2 out of 4 stars
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Heks Island - Earth: Refuge in the Okefenokee Swamp is the first book in Pat Harris's Heks Island Okefenokee Swamp Adventures series.
The novel starts in 1885. Dr. Ben Bouvier, who has just finished up his medical internship at an asylum in Florida, is moving to Waycross, Georgia, to be closer to his only living relatives -- his brother, Nat, and Nat's wife, Hazel. Ben dreams of opening a private practice, having a place to call home, and starting a family. These dreams slip through his fingers when he's wrongfully accused of murder.
With an angry mob at his heels, he seeks refuge in the Okefenokee Swamp. Luckily for him, he isn't left to fend for himself for long. Ben is rescued by Hattie, the leader of Heks Island, a hidden community full of society's outcasts. With these people, Ben creates a new life for himself, while also holding onto some of his life back in Waycross.
At its heart, this novel is about Ben's quest for family and a sense of belonging. Magic and the supernatural also play a substantial part. Hattie performs several spells (and only speaks in rhyme), and there are voodoo elements as well.
Other than some mature themes, this reads like some of my favorite children's books (like Hatchett or The Little House series). This is because a large portion of the story encompasses Ben's adjustment to living in the swamp. He has to learn how to build shelter, hunt, cook, etc. These are all explained in meticulous detail. The research that has gone into this book is truly remarkable. Only one detail is historically inaccurate, and Harris points this out at the beginning of the book. I always appreciate it when historical fiction authors are upfront about any liberties they've taken with history.
While the research and his loving descriptions of the Okefenokee Swamp shine, the characterization falls a bit flat. There's an awful lot of showing and not much telling. Ben's character seems better suited for a children's book. Despite having only just finished his medical internship, he always knows just what to do to save someone's life. The things that go wrong in his life are rarely his fault. In the official summary of the book, Harris says that Ben's life spins out of control thanks to "betrayal, voodoo and plain bad luck," and that's precisely what happens. He does show some growth, though; he grows from a somewhat helpless young man into someone confident and daring. Many of the people on the island blur together, but there are a few standouts. Monique, a young woman who has truly been dealt a terrible hand in life, was my favorite character.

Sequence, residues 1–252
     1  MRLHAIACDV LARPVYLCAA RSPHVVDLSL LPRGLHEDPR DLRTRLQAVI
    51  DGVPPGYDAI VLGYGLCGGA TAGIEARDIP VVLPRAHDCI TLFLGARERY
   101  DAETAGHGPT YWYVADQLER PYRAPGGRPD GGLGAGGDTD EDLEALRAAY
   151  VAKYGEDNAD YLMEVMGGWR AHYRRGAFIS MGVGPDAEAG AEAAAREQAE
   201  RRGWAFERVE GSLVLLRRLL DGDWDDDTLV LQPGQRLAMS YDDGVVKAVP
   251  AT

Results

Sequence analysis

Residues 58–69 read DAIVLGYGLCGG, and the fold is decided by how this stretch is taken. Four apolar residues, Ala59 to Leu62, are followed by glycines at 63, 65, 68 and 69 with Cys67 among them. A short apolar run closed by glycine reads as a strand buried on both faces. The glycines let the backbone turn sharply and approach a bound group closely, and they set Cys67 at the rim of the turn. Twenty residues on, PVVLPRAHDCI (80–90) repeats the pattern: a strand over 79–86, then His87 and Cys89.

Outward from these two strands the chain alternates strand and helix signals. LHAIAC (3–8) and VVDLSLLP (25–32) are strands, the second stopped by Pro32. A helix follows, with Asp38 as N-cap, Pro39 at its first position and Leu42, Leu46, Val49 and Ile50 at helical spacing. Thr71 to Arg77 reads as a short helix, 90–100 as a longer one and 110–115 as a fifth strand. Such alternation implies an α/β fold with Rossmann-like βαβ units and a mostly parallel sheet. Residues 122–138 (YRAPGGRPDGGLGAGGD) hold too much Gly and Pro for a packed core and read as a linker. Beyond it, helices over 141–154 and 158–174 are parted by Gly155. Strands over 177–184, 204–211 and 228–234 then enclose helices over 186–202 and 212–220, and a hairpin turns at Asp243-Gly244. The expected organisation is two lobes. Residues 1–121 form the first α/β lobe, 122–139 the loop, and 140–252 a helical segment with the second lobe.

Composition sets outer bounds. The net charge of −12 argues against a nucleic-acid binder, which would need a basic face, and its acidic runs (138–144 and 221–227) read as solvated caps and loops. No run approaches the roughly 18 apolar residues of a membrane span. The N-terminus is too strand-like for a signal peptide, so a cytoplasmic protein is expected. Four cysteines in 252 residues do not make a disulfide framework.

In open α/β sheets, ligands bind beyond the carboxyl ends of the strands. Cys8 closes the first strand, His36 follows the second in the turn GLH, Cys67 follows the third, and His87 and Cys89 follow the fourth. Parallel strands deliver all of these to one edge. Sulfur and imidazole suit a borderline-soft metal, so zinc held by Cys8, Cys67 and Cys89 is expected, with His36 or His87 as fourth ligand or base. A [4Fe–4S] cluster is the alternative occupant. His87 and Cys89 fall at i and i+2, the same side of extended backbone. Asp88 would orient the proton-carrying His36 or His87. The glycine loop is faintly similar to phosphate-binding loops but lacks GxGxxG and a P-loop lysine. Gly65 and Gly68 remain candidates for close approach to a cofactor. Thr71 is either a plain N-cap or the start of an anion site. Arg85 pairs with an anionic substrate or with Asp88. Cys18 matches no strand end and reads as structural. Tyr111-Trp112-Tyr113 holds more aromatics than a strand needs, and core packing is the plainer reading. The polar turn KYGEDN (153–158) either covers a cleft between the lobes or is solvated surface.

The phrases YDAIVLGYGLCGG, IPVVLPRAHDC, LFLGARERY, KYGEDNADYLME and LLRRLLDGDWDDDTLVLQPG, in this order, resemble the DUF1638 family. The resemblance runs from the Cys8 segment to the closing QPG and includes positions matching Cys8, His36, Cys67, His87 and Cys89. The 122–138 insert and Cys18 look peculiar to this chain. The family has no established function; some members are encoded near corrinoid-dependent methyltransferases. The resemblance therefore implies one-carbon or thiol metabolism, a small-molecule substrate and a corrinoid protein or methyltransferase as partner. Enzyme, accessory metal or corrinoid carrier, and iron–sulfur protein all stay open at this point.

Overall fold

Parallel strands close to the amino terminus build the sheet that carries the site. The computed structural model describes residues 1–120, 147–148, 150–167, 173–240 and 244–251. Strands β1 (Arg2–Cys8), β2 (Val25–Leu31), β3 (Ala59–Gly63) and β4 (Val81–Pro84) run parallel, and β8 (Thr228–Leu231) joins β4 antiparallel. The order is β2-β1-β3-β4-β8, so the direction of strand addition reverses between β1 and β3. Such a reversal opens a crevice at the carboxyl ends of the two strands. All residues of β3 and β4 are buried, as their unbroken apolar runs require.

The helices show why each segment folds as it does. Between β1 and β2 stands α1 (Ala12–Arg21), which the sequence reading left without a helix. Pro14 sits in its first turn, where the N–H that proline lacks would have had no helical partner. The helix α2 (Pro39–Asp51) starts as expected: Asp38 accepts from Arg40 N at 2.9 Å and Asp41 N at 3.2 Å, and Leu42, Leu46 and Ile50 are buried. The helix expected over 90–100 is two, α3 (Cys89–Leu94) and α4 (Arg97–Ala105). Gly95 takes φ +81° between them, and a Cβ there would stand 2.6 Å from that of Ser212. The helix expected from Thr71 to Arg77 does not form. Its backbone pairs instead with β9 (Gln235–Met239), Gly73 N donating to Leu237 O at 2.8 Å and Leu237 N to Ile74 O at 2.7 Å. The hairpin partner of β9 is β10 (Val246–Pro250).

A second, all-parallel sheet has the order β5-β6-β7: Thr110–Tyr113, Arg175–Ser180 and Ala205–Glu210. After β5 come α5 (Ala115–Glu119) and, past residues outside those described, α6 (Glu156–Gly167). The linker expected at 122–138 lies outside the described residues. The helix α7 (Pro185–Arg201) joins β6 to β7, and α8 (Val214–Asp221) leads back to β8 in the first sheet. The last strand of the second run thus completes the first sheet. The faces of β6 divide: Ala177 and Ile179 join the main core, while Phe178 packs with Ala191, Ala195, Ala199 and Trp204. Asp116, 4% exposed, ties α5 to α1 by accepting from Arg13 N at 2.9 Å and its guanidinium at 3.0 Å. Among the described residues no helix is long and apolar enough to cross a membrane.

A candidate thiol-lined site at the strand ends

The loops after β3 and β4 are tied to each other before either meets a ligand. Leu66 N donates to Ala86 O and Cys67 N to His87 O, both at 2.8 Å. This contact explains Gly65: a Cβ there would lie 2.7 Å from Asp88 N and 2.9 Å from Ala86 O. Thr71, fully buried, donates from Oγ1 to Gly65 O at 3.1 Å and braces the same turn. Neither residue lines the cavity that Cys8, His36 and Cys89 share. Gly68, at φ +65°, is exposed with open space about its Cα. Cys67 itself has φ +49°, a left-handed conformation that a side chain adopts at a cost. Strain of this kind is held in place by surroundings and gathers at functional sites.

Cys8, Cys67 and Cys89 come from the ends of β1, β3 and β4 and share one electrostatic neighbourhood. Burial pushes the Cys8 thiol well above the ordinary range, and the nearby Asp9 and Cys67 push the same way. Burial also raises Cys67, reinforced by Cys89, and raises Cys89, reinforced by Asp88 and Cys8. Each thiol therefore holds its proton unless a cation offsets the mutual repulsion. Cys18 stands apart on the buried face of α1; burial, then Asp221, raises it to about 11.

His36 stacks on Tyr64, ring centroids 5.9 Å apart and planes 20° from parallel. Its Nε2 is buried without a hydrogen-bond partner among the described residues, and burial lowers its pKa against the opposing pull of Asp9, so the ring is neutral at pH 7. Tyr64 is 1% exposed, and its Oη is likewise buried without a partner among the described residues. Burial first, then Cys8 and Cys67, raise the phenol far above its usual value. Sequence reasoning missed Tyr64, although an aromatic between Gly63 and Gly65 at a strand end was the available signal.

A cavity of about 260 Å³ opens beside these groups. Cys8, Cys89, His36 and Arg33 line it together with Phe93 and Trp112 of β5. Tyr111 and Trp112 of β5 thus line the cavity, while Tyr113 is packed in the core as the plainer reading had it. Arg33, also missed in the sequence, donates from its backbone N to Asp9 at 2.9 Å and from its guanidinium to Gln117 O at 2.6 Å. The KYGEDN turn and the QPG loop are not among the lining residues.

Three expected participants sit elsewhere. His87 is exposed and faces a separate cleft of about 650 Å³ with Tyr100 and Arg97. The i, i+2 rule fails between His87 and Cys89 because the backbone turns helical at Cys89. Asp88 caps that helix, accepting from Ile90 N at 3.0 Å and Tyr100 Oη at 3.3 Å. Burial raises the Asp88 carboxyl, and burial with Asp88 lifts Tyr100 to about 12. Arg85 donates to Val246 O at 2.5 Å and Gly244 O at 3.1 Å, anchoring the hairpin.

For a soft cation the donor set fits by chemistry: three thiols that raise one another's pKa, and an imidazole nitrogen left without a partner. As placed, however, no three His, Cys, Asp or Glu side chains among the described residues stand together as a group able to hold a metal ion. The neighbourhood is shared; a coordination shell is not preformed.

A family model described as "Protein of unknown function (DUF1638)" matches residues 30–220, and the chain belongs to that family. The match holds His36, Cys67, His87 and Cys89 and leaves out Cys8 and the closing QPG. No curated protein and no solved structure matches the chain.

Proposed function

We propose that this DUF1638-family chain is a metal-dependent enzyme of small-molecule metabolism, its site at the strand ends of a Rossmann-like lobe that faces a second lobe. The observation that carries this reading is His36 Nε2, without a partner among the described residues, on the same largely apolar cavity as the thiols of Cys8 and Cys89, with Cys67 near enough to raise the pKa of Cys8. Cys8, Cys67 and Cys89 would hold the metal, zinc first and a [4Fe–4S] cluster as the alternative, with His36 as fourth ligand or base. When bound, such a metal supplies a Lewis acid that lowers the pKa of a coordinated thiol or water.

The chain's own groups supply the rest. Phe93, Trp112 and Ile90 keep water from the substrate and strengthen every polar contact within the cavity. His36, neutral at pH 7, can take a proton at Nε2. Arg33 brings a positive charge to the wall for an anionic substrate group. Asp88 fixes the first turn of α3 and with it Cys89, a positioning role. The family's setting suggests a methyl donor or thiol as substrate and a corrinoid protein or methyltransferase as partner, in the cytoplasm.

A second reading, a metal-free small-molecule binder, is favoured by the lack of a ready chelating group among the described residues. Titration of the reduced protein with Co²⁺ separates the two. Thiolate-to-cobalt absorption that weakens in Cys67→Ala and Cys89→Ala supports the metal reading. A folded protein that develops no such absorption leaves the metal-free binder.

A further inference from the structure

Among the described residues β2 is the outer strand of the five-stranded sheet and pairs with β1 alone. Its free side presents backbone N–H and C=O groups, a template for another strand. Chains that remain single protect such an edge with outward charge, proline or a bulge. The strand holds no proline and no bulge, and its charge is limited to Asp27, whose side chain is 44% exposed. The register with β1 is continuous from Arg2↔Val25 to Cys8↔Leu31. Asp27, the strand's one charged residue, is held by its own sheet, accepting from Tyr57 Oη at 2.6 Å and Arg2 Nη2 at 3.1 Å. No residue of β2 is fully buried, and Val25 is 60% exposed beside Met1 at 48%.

The absence of "show, don't tell" also harmed the dialogue as well, which was often stilted. Additionally, Hattie could sometimes be challenging to follow, thanks to always talking in rhyme. She had to say a lot to say a little (and then still managed to be cryptic about it). Monique, the one character who had difficulty speaking, actually had the most interesting dialogue. All of that being said, each of the characters on the island had a unique voice. Most of the characters in the real world (other than those they wanted to show were poor or uneducated), all sounded the same.
The story was told in the third person with alternating focal characters. This helped to give some depth to characters other than Ben, namely Hattie and Monique. It was also interesting because it showed things from the perspective of the "villain" in town, and illustrated how predatory they were.
If you like slow-paced novels that focus on the day-to-day life of multiple characters, then you should give this book a shot. If you have any interest in swamps or tales about living off the land, I think you'd really enjoy reading this. However, if you like a lot of suspense or nuanced characters, I'd recommend skipping this one. Additionally, if reading about magic and voodoo doesn't interest you, you might want to pass on this book. I would not recommend this to younger readers due to references of incestual rape, abortion, and a group of people threatening to kill a baby born with a genetic disorder. Additionally, the N-word is used once.
There are numerous errors throughout the book; they include missing quotation marks, improper capitalization, and missing articles. The errors, in addition to the somewhat weak characterization and stilted dialogue, are the reason I give this book 2 out of 4 stars. I didn't rate it lower because the research is honestly incredible, and I thought the details about surviving in the swamp were pretty interesting.
Heks Island -Earth.
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